The Final Four: Sunbelt states compete for Tesla’s gigafactory

Tesla Motors says that its $5 billion gigafactory for battery production will be located in one of four Sunbelt states: Arizona, Nevada, New Mexico or Texas. That means that four Republican governors – Jan Brewer, Brian Sandoval, Susanna Martinez and Rick Perry – and their offices of economic development are falling over themselves to make the case as to why their state should land the massive $5 billion facility and the 6,500 manufacturing jobs that come with it.

These contests almost always come down to which state can offer the best tax breaks, and each state is going to offer a package of incentives. So what else is at play: clean vehicle policies? Electricity prices? State dealer franchise laws? Proximity to rail? Tesla’s sketch of the proposed facility shows it being powered by both solar and wind.

Let March Madness begin! Here’s our attempt to handicap the chances. What’s your bet? What did I miss? Feel free to ping me at

Arizona: Apple is expected to get big property, equipment, energy and payroll tax breaks for located its 700-worker manufacturing plant in Mesa, raising the possibility of Mesa becoming a manufacturing hub. Gov. Jan Brewer just vetoed Senate Bill 1062, which would have allowed business owners to deny service to gay men and lesbians; some business leaders had worried that passage of the bill would discourage tech companies from considering Arizona.  Arizona has more solar per capita than any other state, according to Vote Solar, thanks to generous net metering policies. NRG’s 290-megawaatt Agua Caliente solar farm is in Yuma County. The Phoenix Business Journal reported in November that Tesla was looking in the Phoneix area for the battery plant, including a former Motorola space in Chandler. A spokesperson for the Greater Phoenix Economic Council declined to comment Thursday.

Nevada: The Silver State is aggressively courting Tesla, noting its skilled workforce, low operating costs and pro-business climate. Senator Harry Reid holds a National Clean Energy Summit every August in Las Vegas; Tesla CEO Elon Musk spoke at the summit in 2012. Reno would be relatively close Tesla’s Bay Area base of operations. Jigar Shah made a great point via Twitter: casinos need a lot of electricity, and are prime candidates for energy storage systems. As we reported yesterday, Gov. Sandoval has met with the Tesla team.

New Mexico: The Union Pacific intermodal facility will open soon in Santa Teresa, connecting southern New Mexico to the West Coast, which would be ideal for shipping batteries. Tesla considered New Mexico when it was scouting locations for its assembly factory, which is in Fremont. And last year, New Mexico approved the “single sales factor” tax formula, which benefits corporations when assessing corporate income taxes. Another bill, currently under consideration, would allow public utilities to negotiate lower electric rates with major manufacturers. SpaceX has agreed to a three year least to test its “Grasshopper” reusable rocket at Spaceport America in southern New Mexico.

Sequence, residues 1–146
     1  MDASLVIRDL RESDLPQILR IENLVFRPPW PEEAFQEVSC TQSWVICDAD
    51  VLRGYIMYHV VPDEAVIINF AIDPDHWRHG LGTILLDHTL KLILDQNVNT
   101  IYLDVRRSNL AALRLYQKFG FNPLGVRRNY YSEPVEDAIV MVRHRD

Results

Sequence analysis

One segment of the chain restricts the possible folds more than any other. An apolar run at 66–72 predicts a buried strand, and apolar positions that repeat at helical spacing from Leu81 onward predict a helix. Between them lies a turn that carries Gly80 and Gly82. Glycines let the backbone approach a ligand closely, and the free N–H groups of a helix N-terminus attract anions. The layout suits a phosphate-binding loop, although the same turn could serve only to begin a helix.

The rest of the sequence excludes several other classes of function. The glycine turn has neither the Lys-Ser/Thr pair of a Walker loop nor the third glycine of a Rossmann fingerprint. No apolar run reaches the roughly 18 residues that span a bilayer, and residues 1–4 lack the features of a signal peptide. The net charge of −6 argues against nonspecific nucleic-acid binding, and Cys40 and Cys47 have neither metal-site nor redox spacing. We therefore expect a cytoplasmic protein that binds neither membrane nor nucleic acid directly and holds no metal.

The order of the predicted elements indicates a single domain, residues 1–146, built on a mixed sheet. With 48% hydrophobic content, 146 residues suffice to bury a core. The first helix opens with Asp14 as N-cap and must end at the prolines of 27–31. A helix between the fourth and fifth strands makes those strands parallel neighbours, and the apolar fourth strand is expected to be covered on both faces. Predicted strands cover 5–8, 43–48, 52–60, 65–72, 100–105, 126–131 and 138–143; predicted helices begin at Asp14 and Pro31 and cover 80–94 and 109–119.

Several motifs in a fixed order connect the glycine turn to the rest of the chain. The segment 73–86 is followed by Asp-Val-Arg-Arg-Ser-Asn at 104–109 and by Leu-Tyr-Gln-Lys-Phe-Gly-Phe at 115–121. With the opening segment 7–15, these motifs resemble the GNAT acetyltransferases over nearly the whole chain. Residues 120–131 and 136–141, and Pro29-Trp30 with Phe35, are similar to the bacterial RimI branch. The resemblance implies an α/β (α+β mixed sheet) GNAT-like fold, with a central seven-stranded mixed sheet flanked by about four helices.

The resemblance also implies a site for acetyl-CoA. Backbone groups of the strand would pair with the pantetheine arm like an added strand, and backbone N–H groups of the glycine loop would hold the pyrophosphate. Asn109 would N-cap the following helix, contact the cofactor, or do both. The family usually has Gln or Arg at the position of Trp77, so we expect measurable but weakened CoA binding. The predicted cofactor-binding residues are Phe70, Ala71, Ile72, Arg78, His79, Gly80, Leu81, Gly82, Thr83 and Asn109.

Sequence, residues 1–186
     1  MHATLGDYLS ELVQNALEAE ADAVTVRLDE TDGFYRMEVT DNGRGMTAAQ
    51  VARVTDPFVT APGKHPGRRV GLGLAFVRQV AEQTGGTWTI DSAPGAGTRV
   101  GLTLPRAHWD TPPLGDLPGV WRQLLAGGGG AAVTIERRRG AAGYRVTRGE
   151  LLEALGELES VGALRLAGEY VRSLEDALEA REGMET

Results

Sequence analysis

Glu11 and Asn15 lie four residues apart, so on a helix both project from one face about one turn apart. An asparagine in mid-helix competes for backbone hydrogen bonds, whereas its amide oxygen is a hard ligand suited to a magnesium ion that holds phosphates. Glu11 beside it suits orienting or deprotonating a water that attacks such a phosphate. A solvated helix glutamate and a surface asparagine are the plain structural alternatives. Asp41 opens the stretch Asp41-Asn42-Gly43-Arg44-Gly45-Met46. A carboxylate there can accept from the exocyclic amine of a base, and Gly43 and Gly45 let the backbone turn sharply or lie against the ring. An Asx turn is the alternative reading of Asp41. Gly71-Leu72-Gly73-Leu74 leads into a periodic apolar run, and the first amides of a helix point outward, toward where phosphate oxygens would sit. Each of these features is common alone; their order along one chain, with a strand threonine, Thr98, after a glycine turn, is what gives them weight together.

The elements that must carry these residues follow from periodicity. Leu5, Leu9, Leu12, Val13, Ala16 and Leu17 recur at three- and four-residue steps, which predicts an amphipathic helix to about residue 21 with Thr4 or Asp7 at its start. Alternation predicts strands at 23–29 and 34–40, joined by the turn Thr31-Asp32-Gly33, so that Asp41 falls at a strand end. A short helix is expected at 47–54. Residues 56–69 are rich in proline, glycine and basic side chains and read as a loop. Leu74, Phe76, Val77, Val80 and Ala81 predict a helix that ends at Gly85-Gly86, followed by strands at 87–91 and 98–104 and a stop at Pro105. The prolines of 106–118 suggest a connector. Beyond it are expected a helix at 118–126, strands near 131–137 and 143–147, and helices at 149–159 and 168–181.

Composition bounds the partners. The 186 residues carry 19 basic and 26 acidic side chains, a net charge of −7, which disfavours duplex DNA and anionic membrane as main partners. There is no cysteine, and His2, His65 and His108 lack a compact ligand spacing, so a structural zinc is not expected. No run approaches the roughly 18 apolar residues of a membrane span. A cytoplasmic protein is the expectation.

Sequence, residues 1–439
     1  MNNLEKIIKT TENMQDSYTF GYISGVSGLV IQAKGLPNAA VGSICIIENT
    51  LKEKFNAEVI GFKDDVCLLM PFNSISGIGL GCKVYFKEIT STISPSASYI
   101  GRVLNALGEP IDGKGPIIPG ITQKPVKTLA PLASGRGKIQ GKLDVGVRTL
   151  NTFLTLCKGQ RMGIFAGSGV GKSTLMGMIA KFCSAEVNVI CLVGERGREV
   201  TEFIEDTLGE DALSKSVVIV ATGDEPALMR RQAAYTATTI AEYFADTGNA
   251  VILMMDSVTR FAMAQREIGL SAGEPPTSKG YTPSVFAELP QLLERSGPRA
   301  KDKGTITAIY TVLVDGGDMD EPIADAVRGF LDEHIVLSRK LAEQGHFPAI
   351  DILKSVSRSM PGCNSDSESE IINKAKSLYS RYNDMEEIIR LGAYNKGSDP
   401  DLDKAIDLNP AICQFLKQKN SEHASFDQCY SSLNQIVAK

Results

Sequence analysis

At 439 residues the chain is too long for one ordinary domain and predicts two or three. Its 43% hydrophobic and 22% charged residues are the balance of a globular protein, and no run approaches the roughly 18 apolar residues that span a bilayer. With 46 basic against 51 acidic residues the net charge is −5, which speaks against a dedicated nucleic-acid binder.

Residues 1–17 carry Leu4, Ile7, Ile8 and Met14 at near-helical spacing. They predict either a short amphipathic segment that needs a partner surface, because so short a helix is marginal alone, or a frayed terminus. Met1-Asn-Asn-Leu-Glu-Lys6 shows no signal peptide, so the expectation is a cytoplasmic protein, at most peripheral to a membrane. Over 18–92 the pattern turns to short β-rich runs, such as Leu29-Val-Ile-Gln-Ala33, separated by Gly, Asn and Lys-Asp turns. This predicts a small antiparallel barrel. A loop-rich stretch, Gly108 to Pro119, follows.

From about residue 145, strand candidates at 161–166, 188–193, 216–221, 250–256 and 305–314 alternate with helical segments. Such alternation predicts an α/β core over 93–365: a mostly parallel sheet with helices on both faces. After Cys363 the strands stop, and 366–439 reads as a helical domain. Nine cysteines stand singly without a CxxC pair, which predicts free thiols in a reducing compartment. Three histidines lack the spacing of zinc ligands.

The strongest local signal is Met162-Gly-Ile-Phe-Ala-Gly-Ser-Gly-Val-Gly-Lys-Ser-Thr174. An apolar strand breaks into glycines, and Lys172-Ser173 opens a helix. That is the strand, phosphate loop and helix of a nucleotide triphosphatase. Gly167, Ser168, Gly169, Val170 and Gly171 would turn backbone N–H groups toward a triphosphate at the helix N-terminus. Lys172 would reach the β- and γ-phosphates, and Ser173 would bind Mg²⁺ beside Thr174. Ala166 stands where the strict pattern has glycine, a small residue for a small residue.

Texas: Tesla has been fighting Texas over the right to sell cars; Texas has a state law that basically bans car manufacturers from running and owning dealerships. Elon Musk has even appeared at the state capitol in Austin to try to change the law. I’d imagine that if Texas wants to land the gigafactory, allowing Tesla to sell in the state would have to be part of the deal. Texas is also the wind capital of the country; 1 in 4 wind turbines in the United States is located in West Texas.

California: Is not on the list, but is this just a shrewd move by Tesla to extract more concessions from the Golden State? I’ve asked Kish Rajan, director of Governor Brown’s Office of Business and Economic Development, to comment.

Union Pacific map of major intermodal centers. Many analysts who are following Tesla’s gigafactory plans say the massive facility will need to be built near a rail line. 







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  • RegularGuy55

    The idea of selling cars through independent dealerships instead of directly from the automaker was the result of the product liability laws of the early 1900s. Back then, an injured party could only sue the merchant who sold the item, not the manufacturer of the item if they were harmed. The notion is called ‘privity’. There was no privity between a car buyer and the manufacturer as long as the car was sold by an independent dealer.

    Justice Benjamin Cardozo (as a NY State Appellate Judge) struck down the privity requirement in a product liability tort case involving Buick Motors in 1916. But by then the ‘independent dealer’ model was firmly entrenched.